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"The rumors were flying thick and fast, and you didn’t know what to believe…" (Audio interview, 24:27)

   Frank Thomas Oravecz
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War: World War, 1939-1945
Branch: Army
Unit: Battery E, 64th Coast Anti-Aircraft Artillery
Service Location: Pacific Theater; Pearl Harbor, Hawaii; Fort Shafter, Hawaii; Puget Sound, Washington
Rank: Sergeant
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For Thomas Oravecz, enlisting in the Army provided a way out of the coal mines of West Virginia; serving in Hawaii offered the promise of balmy conditions and a chance to play baseball. Even as he saw Japanese planes flying overhead, it was unbelievable that his home for two years was under attack. The day’s turmoil didn’t end there: reports circulated that the Japanese would return for another attack or invasion. Come nightfall, soldiers shot at anything that moved--including the mongooses rustling in the bushes.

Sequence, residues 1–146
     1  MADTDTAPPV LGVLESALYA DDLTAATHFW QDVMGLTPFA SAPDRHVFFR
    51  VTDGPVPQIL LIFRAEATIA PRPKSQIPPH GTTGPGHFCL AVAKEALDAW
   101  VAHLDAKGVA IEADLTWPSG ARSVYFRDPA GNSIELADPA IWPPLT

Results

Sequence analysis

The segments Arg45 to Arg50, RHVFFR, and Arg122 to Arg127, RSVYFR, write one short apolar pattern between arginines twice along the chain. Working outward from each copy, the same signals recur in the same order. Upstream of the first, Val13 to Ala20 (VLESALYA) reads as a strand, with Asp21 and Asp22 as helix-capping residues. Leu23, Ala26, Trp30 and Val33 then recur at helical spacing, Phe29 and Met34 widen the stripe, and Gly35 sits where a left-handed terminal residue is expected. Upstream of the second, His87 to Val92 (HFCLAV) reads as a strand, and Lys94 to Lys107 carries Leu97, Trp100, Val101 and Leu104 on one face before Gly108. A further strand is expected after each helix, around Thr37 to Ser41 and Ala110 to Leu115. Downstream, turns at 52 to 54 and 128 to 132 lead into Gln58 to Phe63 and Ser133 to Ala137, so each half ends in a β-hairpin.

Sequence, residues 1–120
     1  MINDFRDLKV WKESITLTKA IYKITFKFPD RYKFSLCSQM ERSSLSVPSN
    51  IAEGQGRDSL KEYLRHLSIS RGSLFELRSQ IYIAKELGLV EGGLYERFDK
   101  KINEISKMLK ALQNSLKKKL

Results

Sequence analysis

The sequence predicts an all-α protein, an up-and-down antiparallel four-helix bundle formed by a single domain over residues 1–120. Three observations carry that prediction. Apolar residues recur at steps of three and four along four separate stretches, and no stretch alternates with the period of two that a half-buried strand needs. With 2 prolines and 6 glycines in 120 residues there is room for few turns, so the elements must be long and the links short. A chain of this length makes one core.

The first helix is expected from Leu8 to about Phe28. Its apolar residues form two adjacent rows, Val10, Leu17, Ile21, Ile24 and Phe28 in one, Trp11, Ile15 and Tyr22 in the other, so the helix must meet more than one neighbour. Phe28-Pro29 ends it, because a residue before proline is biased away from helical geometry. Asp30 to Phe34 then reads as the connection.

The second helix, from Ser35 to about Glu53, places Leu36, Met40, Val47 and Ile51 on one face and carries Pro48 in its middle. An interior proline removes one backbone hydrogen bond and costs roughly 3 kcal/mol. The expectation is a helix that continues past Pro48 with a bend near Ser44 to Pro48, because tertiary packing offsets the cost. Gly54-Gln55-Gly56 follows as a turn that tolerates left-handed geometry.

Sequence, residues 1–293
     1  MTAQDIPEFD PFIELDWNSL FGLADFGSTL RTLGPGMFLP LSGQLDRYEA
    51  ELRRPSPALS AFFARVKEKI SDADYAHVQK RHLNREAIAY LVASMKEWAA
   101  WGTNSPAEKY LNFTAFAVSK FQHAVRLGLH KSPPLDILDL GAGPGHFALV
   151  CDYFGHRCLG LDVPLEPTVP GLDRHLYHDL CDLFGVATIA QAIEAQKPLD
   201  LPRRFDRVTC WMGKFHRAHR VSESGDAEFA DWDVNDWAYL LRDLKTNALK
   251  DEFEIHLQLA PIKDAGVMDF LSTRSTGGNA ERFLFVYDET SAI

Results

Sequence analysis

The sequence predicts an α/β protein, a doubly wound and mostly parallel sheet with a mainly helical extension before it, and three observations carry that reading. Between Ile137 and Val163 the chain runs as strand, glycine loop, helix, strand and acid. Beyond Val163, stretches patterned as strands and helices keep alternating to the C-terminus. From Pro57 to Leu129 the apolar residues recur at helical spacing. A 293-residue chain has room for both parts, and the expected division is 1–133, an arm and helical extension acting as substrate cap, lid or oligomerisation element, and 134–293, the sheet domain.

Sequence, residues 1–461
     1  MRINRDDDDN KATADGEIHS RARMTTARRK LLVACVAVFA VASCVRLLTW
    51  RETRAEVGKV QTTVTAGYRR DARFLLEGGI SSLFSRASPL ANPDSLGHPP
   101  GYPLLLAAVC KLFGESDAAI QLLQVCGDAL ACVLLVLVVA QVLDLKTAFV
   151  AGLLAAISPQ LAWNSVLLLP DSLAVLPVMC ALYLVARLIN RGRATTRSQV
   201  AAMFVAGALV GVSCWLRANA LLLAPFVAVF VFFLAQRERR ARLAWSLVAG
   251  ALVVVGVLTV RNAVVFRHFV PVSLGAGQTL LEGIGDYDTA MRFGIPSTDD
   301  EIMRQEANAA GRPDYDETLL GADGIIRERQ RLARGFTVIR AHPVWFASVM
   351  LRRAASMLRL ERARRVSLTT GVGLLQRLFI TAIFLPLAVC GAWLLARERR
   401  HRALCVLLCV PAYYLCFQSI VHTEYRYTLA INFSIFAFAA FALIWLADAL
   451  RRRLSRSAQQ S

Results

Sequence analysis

Interview (Audio)
»Interview Highlights  (6 clips)
»Complete Interview | Complete Interview 
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Download: audio(2) (101 min.)
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»Pearl Harbor
 Audio (Interview Excerpts) (6 items)
Hearing explosions on the morning of the attack; seeing smoke from Schofield Barracks; thinking it was a fire or sugar cane fields burning; planes flying very close overhead. (05:20) Japanese pilots waving from planes overhead; flying about the same level as the treetops; seeing torpedoes being dropped on the USS Raleigh; finally realizing that the Japanese were attacking Pearl Harbor. (01:56) [Previous Highlight Continued] (03:01)
Watching Japanese dive bombers; absolute chaos of attack; second wave of attack; everything in harbor burning; one of his comrades sleeping through entire attack. (09:25) Going to his barracks, which had been hit by a shell; comrade who had been hit; shell that hit barracks was fired by US ship in Pearl Harbor. (07:58) Not being able to eat the day of the attack; rumors and bullets flying as soon as the sun went down; soldiers shooting at everything; friendly fire on B-17s that flew into Hickam Field; finally being able to eat the next day; eating the best-tasting bread of his life. (08:07)

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  The Library of Congress  >> American Folklife Center
  October 26, 2011
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